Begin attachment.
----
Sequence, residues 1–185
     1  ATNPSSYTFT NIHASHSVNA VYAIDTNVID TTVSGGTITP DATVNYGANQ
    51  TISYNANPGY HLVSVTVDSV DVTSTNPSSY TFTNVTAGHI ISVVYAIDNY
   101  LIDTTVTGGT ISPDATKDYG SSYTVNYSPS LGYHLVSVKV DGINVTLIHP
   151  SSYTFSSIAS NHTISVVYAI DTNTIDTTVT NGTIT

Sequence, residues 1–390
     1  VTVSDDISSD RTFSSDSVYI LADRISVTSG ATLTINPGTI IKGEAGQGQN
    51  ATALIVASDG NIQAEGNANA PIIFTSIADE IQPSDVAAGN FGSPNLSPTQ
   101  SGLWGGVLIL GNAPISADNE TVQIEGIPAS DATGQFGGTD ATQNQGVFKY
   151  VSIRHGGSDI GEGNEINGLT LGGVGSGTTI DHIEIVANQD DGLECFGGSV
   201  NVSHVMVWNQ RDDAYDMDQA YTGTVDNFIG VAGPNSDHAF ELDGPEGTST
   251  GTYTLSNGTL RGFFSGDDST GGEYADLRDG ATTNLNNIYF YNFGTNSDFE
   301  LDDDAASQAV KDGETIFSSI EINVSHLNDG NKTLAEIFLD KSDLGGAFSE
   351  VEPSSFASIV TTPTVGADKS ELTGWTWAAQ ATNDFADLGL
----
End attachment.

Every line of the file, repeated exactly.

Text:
Sequence, residues 1–185
     1  ATNPSSYTFT NIHASHSVNA VYAIDTNVID TTVSGGTITP DATVNYGANQ
    51  TISYNANPGY HLVSVTVDSV DVTSTNPSSY TFTNVTAGHI ISVVYAIDNY
   101  LIDTTVTGGT ISPDATKDYG SSYTVNYSPS LGYHLVSVKV DGINVTLIHP
   151  SSYTFSSIAS NHTISVVYAI DTNTIDTTVT NGTIT

Sequence, residues 1–390
     1  VTVSDDISSD RTFSSDSVYI LADRISVTSG ATLTINPGTI IKGEAGQGQN
    51  ATALIVASDG NIQAEGNANA PIIFTSIADE IQPSDVAAGN FGSPNLSPTQ
   101  SGLWGGVLIL GNAPISADNE TVQIEGIPAS DATGQFGGTD ATQNQGVFKY
   151  VSIRHGGSDI GEGNEINGLT LGGVGSGTTI DHIEIVANQD DGLECFGGSV
   201  NVSHVMVWNQ RDDAYDMDQA YTGTVDNFIG VAGPNSDHAF ELDGPEGTST
   251  GTYTLSNGTL RGFFSGDDST GGEYADLRDG ATTNLNNIYF YNFGTNSDFE
   301  LDDDAASQAV KDGETIFSSI EINVSHLNDG NKTLAEIFLD KSDLGGAFSE
   351  VEPSSFASIV TTPTVGADKS ELTGWTWAAQ ATNDFADLGL